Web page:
• The walls of the rock shelter caves were made of quartzite hence using minerals for pigments. One of the most common mineral was ochre or geru mixed with lime and water.
    • To widen their palette, different minerals were used to make colours like red, white, yellow and green which widened their palette.
  • Paintings are linear representations, in green and dark red, of huge animal figures, such as Bisons, Tigers, Elephants, Rhinos and Boars beside stick-like human figures.
  • Mostly they are filled with geometric patterns.
  • Green paintings are of dances and red ones of hunters.

Mesolithic period (10,000-4000 BC)

  • The largest number of pre-historic paintings belongs to this period.
  • Themes multiply but the paintings are small in size. This period mainly saw the use of red colour.
  • Hunting scenes are mostly found.
  • Hunters in groups armed with barbed spears, pointed sticks, arrows and bows.
  • Trap and snares used to catch animals can be seen in some paintings.
  • Mesolithic people loved to paint animals.
  • In some pictures, animals are chasing men and in others they are being chased by hunter men.
  • Animals painted in naturalistic style and humans were depicted in a stylistic manner.
  • Women are painted both in nude and clothed.
  • Young and old equally find places in paintings.
  • Community dances provide a common theme.
  • Sort of family life can be seen in some paintings (woman, man and children).

Chalcolithic Period Art

  • Copper age art.
  • This period saw an increase in the number of paintings using green and yellow colour.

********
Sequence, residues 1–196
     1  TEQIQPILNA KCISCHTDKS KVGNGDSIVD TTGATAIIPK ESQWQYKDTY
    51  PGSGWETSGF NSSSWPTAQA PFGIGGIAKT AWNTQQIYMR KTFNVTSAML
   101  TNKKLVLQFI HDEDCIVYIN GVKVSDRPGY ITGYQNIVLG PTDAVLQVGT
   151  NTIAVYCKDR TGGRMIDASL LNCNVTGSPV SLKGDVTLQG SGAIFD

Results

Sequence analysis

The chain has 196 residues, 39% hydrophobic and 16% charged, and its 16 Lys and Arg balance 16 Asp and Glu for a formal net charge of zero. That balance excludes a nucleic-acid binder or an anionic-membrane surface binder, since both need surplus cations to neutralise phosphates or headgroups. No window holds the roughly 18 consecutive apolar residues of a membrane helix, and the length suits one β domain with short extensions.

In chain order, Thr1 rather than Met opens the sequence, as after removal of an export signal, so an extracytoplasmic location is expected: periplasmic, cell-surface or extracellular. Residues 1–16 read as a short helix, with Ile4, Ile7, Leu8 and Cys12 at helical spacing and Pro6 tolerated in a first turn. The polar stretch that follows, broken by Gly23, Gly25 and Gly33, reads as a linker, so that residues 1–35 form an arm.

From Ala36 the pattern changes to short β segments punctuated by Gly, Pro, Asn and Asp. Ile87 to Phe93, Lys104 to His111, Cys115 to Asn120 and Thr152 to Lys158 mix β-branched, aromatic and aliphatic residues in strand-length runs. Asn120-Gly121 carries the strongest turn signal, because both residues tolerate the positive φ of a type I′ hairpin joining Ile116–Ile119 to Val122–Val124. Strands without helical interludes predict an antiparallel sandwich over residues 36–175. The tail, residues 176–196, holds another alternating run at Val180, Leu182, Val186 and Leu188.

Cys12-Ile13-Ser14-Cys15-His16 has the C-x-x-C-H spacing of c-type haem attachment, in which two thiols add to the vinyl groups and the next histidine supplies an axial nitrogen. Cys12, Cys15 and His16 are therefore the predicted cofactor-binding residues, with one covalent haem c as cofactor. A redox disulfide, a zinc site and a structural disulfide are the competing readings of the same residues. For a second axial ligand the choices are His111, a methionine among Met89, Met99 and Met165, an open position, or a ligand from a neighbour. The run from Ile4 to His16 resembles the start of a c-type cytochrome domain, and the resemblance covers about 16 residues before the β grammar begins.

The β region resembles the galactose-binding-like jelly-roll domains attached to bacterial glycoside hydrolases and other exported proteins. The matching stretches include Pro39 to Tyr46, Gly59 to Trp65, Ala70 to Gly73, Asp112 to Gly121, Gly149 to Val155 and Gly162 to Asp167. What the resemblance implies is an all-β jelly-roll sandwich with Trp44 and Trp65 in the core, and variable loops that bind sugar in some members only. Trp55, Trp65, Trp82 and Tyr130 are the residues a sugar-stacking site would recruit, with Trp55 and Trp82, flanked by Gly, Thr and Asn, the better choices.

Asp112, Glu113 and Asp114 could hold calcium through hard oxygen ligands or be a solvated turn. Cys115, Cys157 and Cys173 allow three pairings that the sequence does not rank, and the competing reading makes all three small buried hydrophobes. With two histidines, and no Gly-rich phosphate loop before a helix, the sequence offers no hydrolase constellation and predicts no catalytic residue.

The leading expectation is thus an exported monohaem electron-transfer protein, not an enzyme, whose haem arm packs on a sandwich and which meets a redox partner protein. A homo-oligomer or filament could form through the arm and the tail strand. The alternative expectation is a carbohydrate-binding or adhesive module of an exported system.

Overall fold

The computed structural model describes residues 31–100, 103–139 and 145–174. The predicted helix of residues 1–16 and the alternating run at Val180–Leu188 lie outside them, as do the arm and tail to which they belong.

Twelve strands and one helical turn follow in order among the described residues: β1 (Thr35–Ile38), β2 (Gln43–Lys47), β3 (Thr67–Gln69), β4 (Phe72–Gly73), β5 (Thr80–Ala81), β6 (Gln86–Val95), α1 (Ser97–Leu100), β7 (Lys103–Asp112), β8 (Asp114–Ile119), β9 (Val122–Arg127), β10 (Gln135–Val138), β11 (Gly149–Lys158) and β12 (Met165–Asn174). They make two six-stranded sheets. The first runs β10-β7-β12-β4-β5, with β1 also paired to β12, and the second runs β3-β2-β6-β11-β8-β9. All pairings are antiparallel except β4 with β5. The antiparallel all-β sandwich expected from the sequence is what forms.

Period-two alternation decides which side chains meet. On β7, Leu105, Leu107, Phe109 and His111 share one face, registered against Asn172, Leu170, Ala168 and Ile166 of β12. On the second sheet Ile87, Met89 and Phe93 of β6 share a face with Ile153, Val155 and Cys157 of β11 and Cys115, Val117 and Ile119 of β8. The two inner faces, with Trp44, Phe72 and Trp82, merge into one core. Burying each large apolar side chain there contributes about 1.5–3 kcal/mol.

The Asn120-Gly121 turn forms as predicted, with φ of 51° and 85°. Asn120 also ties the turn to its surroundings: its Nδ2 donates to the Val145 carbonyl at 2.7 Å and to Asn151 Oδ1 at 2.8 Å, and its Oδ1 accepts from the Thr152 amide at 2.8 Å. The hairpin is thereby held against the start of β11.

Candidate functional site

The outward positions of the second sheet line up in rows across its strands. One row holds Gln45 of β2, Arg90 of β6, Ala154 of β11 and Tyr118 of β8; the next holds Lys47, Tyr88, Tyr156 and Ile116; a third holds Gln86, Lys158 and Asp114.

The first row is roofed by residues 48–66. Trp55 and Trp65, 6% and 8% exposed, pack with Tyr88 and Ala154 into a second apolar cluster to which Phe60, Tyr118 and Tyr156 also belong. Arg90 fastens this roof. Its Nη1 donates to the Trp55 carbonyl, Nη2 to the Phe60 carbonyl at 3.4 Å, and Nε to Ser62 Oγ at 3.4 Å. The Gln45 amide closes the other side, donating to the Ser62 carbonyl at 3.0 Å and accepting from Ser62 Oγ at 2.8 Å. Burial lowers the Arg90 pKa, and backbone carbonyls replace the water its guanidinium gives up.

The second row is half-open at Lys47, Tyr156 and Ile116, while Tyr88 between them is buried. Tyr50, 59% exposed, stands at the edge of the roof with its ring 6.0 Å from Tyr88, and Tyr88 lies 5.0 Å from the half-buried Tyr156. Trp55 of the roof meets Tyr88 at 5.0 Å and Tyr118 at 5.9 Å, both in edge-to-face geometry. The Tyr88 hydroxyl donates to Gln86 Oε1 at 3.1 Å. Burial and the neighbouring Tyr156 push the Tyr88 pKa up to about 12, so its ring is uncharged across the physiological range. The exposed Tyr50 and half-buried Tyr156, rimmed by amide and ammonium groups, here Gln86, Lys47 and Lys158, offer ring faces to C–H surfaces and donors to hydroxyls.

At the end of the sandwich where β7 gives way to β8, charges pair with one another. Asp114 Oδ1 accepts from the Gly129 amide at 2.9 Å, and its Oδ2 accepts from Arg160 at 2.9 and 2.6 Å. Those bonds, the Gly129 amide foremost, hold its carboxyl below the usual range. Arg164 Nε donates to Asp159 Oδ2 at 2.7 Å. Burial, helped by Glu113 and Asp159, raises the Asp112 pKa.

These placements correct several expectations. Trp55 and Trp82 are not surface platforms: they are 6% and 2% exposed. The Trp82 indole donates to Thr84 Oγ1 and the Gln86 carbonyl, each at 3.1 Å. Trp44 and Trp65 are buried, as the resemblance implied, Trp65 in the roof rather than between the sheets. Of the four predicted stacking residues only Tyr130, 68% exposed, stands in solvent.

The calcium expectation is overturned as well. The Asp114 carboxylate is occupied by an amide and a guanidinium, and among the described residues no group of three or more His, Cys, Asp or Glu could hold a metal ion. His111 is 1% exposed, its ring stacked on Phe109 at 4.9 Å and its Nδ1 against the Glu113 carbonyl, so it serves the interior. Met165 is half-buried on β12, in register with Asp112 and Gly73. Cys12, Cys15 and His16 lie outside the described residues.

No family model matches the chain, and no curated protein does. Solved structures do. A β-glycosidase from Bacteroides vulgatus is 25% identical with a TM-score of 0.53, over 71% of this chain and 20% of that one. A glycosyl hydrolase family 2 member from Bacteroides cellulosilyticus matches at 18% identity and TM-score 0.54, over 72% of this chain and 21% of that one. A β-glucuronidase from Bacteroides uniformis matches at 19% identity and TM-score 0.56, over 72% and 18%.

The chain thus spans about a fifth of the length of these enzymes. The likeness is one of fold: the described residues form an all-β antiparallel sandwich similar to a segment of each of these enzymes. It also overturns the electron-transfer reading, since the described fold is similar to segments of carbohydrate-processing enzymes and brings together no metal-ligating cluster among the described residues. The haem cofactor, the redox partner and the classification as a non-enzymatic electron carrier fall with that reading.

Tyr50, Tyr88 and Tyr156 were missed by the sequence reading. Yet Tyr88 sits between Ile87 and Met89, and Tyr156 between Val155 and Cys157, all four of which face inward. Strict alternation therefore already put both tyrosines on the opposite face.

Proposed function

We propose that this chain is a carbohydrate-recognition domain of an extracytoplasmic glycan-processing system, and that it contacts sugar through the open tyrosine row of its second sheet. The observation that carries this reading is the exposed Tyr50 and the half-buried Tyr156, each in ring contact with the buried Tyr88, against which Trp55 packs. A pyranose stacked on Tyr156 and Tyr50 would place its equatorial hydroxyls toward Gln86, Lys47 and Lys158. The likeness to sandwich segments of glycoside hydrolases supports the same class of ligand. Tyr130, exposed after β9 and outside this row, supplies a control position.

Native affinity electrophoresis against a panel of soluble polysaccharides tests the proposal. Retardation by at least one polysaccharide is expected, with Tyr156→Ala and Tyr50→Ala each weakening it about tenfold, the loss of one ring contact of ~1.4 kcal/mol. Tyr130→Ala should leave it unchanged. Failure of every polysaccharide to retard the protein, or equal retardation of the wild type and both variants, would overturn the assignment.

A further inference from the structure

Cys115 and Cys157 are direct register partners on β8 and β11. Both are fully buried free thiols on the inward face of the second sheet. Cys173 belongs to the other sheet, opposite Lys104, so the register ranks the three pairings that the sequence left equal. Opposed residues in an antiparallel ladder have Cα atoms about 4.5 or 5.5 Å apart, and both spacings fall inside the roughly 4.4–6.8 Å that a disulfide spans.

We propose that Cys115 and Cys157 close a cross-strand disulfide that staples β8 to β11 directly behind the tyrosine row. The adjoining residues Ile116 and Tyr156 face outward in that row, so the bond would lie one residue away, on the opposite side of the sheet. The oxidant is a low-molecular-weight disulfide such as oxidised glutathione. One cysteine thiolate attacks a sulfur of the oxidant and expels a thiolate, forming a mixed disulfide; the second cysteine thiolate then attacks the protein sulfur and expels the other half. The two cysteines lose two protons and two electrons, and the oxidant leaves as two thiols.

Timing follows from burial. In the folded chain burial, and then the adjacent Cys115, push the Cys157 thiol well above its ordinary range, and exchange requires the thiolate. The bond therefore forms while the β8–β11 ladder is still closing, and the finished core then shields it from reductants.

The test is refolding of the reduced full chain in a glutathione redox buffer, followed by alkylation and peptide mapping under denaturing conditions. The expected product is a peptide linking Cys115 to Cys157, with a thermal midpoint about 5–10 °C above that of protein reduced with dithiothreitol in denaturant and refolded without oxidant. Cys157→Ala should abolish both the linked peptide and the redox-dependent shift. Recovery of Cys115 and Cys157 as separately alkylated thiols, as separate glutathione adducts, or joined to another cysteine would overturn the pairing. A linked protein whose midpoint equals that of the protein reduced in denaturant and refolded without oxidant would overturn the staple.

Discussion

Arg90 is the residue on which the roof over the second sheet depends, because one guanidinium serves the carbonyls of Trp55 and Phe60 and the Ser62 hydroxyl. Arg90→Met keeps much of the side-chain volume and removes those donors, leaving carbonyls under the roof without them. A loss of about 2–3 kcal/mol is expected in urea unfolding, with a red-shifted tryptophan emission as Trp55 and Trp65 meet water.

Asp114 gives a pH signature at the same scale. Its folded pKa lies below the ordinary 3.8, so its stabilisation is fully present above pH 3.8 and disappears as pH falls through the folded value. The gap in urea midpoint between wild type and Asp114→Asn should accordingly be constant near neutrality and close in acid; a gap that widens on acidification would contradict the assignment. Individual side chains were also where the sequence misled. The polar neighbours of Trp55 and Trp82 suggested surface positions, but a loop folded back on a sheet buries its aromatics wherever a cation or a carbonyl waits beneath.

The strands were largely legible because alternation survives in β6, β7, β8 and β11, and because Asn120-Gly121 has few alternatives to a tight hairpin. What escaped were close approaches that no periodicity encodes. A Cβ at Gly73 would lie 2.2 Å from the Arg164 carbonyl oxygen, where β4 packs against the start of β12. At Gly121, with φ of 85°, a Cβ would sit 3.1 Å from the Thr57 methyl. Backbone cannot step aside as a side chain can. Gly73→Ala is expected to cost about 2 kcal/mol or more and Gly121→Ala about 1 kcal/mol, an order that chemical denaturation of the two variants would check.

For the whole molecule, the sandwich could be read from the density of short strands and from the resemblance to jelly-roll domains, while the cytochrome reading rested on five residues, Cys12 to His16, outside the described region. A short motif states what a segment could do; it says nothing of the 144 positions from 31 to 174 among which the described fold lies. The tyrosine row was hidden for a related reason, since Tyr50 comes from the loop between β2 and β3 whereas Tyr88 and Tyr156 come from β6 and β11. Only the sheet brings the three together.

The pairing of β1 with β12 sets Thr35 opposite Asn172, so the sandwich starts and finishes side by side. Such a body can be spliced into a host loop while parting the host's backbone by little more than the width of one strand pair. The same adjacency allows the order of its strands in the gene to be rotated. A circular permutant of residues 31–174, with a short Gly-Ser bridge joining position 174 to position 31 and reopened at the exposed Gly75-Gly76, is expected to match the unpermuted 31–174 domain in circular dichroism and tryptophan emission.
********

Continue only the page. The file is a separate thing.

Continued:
• Most of the paintings seen depict battle scenes. There are many paintings of men riding horses and elephants. Some of them even carry bow and arrow which might indicate preparedness for skirmishes.
  • The paintings of this period reveal the association, contact and mutual exchange of requirements of the cave dwellers of this area with settled agricultural communities of the Malwa Plateau.
  • Pottery and metal tools can be seen in paintings.
  • Paintings and samples of writing in the Ashokan and Gupta Brahmi scripts ascertain that these cave sites were inhabited in the late historical periods. The other set of paintings from this period are at Narsinghgarh in Madhya Pradesh. They have paintings to show skins of spotted deer left for drying that provides credence to the theory that the art of tanning skins was perfected by man for providing shelter and clothing. Other paintings from this period also have depictions of musical instruments like the harp. Some of the paintings have complex geometrical shapes like the spiral, rhomboid and circle.
  • Jogimara Caves in the Ramgarh hills in Surguja district of Chhattisgarh houses some of the paintings from the later period. These are dated to be painted around 1000 BC. Chhattisgarh is also home to the variety of caves in the district of Kanker like the shelter of Udkuda, Garagodi, Khairkheda, Gotitola, Kulgaon, etc. These shelters depict the human figurines, animals, palm prints, bullock carts, etc. which show a higher and sedentary type of living.
  • Similar paintings can be found in Ghodsar and Kohabaur rock art sites in the district of Korea (Chhattisgarh). Another interesting site is in Chitwa Dongri (Durg district) where a chinese figure riding a donkey, pictures of dragons and agricultural sceneries can be found. Several interesting rock paintings have also been found in Limdariha in Bastar district and Oogdi, Sitalekhni in Surguja district.
  • In Odisha, Gudahandi Rock Shelter and Yogimatha Rock Shelter are also prominent examples of early cave paintings.
  • Similarities with rock paintings: Common motifs (designs/patterns like cross hatched squares, lattices etc)
  • Difference with rock paintings: Vividness and vitality of older periods disappear from these paintings.